In practical terms try for a 1mm gap between the two halves of the driven element then put the two holes/lugs as close to the ends as practicable but don't allow the two lugs to touch.
Q:... I could only get 12mm Aluminium tubing not the 10mm mentioned.
Do I need to adjust the spacing to allow for the extra 2mm in width of each element?
A:... The technical answer is Yes... when you alter the diameter of the material it will change the specs but the alteration would be fraction of a millimetre. Most people wont be anywhere near that accurate in their building to begin with so I personally wouldn't worry about it. Just go with the measurements above.
Q:... You suggest 900mm length, yet the spacings of the elements from the reflector add up to 2,361mm. I must be missing something!
A:... Yep. You missed the keywords Element spacings: from Reflector. Those measurements are not ADDITIONS.
You take the centre of your Reflector and each one is measured from that point.
So Driven Element is 74mmm out from the Reflector: Director #1 is 124mm out from the Reflector and so on...
Until finally Director #6 is 670mm out from the Reflector
That's why your boom can be anywhere from about 700 mm onwards depending on how you're going to mount it.
A 900mm riser was a convenient length for me, with enough sticking out the back end to devise a way to mount it.
Q:... Coax Question - Is RG213 better than the RG58?
I read that it has a lower loss per metre. Even better than that is the LMR400 which has roughly half the loss of RG58?
A:... RG213 is better than the "cheap" RG58 coax and good to see you researching.
RG213 is a THICK coax and difficult to work with as you have to finally connect to the tiny FME antenna fitting on the modem and the more adapters and patch leads you add will degrade your signal, so it's a trade off.
Working with a thinner coax gives more flexibility and there are high quality RG58's on the market but you have to search around for them. Dick Smith and Jaycar generally sell the cheap coax with markings like /R or /CU on them.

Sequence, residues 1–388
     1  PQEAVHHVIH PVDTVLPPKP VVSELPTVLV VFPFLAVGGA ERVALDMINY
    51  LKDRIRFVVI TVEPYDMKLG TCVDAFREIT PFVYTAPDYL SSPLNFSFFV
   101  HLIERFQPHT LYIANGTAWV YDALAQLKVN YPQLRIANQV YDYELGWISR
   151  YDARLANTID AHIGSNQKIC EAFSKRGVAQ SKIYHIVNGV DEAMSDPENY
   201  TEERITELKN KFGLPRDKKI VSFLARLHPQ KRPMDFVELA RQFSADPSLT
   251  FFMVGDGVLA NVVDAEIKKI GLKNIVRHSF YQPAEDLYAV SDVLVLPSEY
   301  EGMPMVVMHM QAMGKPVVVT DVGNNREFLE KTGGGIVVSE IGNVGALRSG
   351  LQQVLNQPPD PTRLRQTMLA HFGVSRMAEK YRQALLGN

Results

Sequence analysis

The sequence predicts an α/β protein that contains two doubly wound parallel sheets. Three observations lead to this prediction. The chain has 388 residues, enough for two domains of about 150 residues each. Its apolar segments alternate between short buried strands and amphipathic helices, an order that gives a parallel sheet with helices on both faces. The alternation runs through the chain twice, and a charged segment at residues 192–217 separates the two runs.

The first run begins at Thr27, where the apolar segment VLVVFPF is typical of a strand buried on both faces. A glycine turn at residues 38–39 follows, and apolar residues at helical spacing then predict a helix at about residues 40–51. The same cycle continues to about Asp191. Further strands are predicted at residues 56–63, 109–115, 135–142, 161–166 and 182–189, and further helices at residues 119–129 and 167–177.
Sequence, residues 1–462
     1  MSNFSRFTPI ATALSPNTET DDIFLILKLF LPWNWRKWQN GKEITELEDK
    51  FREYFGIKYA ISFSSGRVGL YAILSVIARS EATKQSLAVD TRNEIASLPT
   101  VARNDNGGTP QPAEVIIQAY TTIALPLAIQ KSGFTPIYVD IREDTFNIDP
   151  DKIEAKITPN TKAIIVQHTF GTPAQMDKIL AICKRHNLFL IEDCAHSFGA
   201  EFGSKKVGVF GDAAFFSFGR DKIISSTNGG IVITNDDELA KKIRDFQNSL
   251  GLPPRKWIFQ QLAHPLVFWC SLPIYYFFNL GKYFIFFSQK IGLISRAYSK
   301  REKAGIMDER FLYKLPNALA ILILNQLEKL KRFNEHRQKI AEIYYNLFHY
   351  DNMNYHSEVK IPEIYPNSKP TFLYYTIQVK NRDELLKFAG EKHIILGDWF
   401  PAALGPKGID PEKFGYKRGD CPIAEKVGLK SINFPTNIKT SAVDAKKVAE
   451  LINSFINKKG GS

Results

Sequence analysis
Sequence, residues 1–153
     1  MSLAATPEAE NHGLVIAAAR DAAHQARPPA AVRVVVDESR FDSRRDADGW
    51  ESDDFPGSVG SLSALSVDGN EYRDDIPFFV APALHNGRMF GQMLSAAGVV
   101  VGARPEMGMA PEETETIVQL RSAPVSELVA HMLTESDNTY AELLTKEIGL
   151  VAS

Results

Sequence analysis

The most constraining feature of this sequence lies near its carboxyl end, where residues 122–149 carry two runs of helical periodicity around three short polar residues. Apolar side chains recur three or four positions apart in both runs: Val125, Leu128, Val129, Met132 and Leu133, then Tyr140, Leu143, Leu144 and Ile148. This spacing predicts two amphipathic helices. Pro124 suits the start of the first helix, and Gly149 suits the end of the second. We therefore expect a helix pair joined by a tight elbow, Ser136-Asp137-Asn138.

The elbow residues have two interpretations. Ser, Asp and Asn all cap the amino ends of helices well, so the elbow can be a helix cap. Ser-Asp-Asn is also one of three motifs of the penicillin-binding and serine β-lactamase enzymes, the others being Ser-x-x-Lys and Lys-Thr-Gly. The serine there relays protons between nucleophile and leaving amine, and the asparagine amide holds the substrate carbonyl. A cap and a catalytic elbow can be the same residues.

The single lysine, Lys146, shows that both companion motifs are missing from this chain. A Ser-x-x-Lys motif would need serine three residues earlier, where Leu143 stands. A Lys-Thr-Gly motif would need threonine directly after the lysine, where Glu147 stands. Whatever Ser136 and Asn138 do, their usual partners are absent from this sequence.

My Coax is Cellfoam Low Loss RG58 Type RFI CAT. No 9001 which is rated as good as RG213 and if you're serious about finding this quality look for the "Installer" in your town who puts radios in Ambulances, Fire Trucks etc... They should have high quality stuff as it's a required spec for emergency vehicles. Will they sell you 20 or 30metres? I dunno but it's worth a try.
Q:... Can the Driven Element have wood inside?
I realised that a standard wooden pencil fits perfectly inside the aluminium tube and makes the D.E. strong.
Another question; To change the polarity to vertical I only have to put the antenna with the directors in vertical position.
A:... A wooden pencil to keep the two halves apart and strengthen the whole thing is a brilliant idea as wood is also an insulator.
And, yes you are correct. If your nearest tower is Vertical you place your antenna so the aluminium cross pieces are pointing up and down. If your tower is Horizontal you place them crossways, just like looking at the horizon.
Q:... I'm asking about a Yagi antenna covering 850mhz to 2100mhz frequencies used in the Philippines.